Identifying Liability Insurance Coverage is Key
After seeking prompt emergency medical attention, it is best to consult with a knowledgeable attorney about your claim. A primary legal consideration will be the availability of liability insurance coverage. Because most dog bites occur in the home, a homeowner's insurance policy may afford liability coverage to the pet owner in the event of a claim or lawsuit following an attack. Such coverage is similar to that of an automobile liability insurance policy that provides coverage in the event of a collision. Remember, your dog bite claim is a contested legal matter involving an insurance carrier. This is no less true simply because you know or are related to the animal's owner, however awkward you may feel about bringing a claim. There are important legal notice and claim notice requirements that should be addressed by an attorney now, to avoid an unnecessary contest over insurance coverage or evidence later.
A successful settlement or judgment for monetary damages in your dog bite case will likely be paid by the carrier's available liability insurance coverage, not directly by the friend or family member of the dog involved in the unfortunate incident. It is, therefore, important that an attorney representing a dog bite victim understand and respect the personal or family relationships that may exist between a dog owner and victim, and act professionally in bringing your claim. Your counsel must also be experienced in analyzing and litigating the potential liability insurance coverage issues that can arise.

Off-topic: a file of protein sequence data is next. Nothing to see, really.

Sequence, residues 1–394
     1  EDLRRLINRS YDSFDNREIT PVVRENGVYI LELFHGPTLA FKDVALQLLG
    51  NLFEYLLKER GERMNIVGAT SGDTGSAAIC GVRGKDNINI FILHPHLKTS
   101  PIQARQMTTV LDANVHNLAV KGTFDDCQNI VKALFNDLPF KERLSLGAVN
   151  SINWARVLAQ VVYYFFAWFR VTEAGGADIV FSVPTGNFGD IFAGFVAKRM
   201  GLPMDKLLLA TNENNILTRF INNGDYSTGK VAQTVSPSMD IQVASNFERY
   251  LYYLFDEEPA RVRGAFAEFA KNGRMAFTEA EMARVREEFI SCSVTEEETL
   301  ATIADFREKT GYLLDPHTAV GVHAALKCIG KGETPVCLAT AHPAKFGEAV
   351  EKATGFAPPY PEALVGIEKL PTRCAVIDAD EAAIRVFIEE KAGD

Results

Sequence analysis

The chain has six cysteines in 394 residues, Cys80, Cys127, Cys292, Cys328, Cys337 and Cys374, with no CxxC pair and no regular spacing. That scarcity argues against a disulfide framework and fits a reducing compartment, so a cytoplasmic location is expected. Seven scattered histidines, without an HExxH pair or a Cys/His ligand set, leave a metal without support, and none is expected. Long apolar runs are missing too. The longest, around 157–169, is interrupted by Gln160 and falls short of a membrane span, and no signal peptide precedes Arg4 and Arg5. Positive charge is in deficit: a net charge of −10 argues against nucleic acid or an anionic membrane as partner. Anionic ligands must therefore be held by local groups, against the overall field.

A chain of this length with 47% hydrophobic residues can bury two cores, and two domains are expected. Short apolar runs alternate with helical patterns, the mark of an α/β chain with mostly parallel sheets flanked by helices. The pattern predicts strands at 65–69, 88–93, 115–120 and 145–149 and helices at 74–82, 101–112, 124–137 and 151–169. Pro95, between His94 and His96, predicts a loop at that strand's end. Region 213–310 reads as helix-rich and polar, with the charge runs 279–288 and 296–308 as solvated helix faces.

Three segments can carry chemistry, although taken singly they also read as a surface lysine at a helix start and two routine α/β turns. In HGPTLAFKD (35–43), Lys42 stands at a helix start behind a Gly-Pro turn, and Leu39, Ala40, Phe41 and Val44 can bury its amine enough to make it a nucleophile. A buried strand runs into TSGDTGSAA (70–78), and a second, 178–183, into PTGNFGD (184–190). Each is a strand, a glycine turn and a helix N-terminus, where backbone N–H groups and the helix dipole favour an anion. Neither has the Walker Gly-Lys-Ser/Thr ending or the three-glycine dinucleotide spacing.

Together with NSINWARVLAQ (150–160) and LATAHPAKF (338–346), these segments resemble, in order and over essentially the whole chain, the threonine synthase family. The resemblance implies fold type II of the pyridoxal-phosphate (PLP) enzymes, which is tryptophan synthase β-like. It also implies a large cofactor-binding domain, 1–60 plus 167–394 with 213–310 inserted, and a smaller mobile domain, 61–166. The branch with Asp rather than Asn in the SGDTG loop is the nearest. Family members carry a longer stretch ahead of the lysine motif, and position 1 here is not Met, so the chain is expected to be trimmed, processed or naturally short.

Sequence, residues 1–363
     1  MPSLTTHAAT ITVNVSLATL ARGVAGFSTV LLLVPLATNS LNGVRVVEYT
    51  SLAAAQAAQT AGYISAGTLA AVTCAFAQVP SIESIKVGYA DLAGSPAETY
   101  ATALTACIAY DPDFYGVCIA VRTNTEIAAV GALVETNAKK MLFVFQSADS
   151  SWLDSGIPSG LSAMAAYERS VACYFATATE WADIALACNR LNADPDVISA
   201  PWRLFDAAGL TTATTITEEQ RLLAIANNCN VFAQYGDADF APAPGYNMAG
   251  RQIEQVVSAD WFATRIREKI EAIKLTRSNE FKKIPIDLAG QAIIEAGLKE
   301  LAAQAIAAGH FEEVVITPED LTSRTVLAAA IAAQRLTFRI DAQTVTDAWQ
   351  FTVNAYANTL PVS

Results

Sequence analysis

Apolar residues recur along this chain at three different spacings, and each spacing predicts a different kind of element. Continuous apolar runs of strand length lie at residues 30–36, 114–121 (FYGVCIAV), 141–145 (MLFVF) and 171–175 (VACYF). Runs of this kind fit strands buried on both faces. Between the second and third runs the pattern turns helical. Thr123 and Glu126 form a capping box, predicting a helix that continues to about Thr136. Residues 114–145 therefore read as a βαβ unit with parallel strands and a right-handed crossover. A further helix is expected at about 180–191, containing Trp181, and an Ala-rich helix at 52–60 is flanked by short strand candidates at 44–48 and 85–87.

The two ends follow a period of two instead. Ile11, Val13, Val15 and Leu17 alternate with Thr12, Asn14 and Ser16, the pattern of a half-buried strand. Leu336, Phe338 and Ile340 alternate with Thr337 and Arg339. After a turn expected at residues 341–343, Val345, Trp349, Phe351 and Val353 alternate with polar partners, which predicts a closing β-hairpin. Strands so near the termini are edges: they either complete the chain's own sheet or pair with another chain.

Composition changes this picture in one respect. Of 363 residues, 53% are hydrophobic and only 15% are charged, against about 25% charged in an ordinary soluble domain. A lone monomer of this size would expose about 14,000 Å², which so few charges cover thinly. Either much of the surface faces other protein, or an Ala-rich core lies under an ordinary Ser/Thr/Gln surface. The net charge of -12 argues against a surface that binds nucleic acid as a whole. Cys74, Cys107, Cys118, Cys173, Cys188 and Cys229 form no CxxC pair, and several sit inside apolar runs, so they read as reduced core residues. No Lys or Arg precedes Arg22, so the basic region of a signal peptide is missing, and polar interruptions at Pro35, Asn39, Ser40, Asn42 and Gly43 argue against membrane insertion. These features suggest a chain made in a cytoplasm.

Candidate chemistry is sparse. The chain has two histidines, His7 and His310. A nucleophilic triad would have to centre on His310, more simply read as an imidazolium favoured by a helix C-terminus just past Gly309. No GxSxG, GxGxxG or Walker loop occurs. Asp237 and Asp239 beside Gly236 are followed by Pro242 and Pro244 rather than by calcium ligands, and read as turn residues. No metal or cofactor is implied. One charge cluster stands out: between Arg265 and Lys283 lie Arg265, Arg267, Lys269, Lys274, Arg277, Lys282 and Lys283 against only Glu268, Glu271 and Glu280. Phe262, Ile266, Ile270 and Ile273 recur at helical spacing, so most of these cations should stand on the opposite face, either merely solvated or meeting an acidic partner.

Dog Bite Statistics:
- An estimate 4.7 million dog bites occur in the U.S. each year. Centers for Disease Control (2003).
- Nearly 800,000 dog bites require medical attention every year. Centers for Disease Control (2003).
- Approximately two-thirds of all dog bites occur on or near the victim’s property, or the property belonging to the dog owner.
- The insurance industry (homeowners insurance) pays more than $1,000,000,000 in dog bite claims each year.
- Approximately 58% of human deaths from animal attacks involve unrestrained dogs on the dog owner’s property. Breeds of Dogs Involved in Fatal Human Attacks in the United States Between 1979 and 1998, JAVMA, 217(6), 836-840.
- Nearly 71% of all dog bites occur to the extremities (arms, legs, hands, and feet). American Humane Society (2012).
- 70% of dog bites are suffered by children.
- The majority of all dog bites occur to people who are neither strangers to the dog, nor its owner. MSPCA.org (2012).
- 71% of all deaths are caused by pit bulls, an animal which accounts for less than 5% of the total U.S. dog population. http://www.dogsbite.org (January 4, 2012).
- Among all breeds, pit bulls consistently account for the majority of all attacks producing bodily harm, death, or maiming of victims. http://www.dogsbite.org (2011).
- Dog bit injuries occur most commonly to the arm and hand (45.3%), leg and foot (25.8%), and head and neck (22.8%).
- The majority of injuries to the head and neck are sustained by children under the age of 4 (64.9% of all such injuries occurring to children under the age of 4).
- Dog bite injuries are most often associated with puncture wounds (40.2%), laceration wounds (24.7%), contusion, abrasion, and hematoma injuries (6.0%), and with a small minority resulting in infection, fracture, and amputation.